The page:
John Cribbs

Everybody on here seems to be watching much classier movies than I am.

Favorite films

  • The Headless Woman
  • Shoplifters
  • The Tale of the Princess Kaguya
  • Atlantics

Recent activity

  • Madame X: An Absolute Ruler

  • Funny Farm

  • Death Hunt

  • The Indian Runner

Recent reviews

  • Orphan: First Kill

    Orphan: First Kill

    This review may contain spoilers. I can handle the truth.

    Expected this to be STEPFATHER 2 to ORPHAN's STEPFATHER: treading familiar territory to lesser but not unrewarding returns. That's more or less the vibe for the first half, until the movie introduces a twist that alters the concept to "Esther finds herself in the middle of a V.C. Andrews story." Multiple maniacs are always better than one, and the turn affords some satisfying psycho biddy and gothic elements that are more interesting than the "miniature Hannibal Lector" opening, but the…

  • Crimes of the Future

    Crimes of the Future

    The other day I was talking about Akira Kurosawa's DERSU UZALA, a brilliant film that was dismissed by even some of the great man's biggest fans and scholars upon release. One of the lessons I took from watching it is to not be so easily dismissive of the late works of master filmmakers - I specifically cited David Cronenberg, a director I love whose filmography of the last 17 years has been more than a little shaky.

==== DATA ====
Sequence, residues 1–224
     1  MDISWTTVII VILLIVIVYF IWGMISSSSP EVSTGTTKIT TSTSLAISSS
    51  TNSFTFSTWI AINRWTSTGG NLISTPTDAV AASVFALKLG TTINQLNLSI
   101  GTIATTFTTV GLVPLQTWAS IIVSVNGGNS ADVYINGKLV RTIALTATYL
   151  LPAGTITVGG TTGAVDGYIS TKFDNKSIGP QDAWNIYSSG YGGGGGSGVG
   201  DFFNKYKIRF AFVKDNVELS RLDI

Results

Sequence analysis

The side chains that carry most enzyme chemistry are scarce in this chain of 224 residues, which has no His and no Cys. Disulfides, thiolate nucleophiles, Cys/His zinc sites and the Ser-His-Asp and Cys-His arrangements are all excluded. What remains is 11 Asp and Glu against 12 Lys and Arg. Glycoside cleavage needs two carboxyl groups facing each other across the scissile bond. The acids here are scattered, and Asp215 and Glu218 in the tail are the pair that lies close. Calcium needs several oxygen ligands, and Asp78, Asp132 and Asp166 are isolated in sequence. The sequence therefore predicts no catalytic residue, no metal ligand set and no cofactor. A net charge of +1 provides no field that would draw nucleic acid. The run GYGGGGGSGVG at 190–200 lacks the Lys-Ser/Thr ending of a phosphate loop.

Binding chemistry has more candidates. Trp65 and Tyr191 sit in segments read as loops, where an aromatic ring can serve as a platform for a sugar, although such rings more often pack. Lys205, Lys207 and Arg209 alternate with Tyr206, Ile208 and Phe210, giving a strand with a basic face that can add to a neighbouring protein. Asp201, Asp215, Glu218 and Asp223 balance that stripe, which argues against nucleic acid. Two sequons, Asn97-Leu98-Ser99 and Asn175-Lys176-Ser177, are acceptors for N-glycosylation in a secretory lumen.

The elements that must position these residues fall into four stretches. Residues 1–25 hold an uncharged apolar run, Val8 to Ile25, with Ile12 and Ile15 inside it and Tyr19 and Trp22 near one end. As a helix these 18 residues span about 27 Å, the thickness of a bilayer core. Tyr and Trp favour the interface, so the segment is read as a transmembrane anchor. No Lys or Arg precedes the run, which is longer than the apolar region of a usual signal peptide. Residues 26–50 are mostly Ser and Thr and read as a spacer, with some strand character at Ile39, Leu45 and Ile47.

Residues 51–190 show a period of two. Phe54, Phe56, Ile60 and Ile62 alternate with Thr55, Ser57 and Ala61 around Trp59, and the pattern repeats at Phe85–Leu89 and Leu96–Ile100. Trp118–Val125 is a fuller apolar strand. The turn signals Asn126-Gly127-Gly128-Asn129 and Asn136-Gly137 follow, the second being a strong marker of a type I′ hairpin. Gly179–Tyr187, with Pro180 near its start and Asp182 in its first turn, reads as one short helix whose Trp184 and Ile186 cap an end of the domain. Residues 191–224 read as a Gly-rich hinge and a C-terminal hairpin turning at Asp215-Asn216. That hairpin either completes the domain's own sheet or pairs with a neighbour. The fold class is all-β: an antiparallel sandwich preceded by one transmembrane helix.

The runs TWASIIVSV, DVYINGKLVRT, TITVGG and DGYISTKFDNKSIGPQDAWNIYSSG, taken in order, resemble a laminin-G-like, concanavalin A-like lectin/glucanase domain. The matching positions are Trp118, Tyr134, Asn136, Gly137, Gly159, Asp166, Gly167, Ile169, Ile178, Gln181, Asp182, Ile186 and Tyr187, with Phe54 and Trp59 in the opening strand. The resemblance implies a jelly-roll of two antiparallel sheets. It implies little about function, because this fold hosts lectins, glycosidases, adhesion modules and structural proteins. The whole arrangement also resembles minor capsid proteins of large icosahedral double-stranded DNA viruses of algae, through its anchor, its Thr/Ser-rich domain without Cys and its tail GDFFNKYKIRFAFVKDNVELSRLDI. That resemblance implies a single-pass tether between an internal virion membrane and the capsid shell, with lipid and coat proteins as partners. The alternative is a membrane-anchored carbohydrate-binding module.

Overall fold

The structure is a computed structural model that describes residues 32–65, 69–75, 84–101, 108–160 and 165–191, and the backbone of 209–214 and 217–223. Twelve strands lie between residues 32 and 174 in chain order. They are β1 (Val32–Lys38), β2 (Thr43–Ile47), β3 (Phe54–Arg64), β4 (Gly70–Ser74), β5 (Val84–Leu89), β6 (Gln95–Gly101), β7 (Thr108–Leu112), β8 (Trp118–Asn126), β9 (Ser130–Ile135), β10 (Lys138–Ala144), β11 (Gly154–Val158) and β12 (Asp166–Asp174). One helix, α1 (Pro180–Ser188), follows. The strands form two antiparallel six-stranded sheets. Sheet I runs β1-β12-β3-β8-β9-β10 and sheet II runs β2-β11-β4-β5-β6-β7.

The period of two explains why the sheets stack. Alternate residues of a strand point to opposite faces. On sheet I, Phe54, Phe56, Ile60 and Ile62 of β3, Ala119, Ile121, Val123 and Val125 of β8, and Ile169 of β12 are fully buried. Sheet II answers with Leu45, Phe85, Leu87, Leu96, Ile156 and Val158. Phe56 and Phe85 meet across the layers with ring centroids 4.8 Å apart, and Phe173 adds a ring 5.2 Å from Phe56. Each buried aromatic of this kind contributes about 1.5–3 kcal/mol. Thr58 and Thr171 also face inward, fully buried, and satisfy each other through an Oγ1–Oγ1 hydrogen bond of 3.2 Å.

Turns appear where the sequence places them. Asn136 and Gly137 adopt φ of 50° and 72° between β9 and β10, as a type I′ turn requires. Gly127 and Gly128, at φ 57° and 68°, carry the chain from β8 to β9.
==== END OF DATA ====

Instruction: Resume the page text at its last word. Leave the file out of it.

Well, like the…

Popular reviews

  • Candyman


    This review may contain spoilers. I can handle the truth.

    Half Jordan Peele thesis paper, half mess.

    I know we're supposed to call this "Nia DaCosta's CANDYMAN," but it shares with Peele's other movies a social statement that's somehow both glaringly obvious and fundamentally incoherent. The movie can't resist connecting #SayHisName to the basic concept of naming the hook-handed mirror ghost to bring him forward, but who is this version of the monster supposed to be punishing? Cops? Teenagers who take selfies? Successful black couples who try to pretend they…

  • Total Recall

    Total Recall

    In his science fiction films, Verhoeven is on a perpetual search for the human soul. In ROBOCOP, he went about unearthing the humanity encased inside machine; in HOLLOW MAN, he divorced body and mind to see if consciousness remained (it didn't.) With TOTAL RECALL he presented himself with a real challenge: to discover the soul of Arnold Schwarzenegger. A typically distracted blue collar bloke, driven by the obscure desire to escape his earthly confines and unfulfilled existence to become somebody…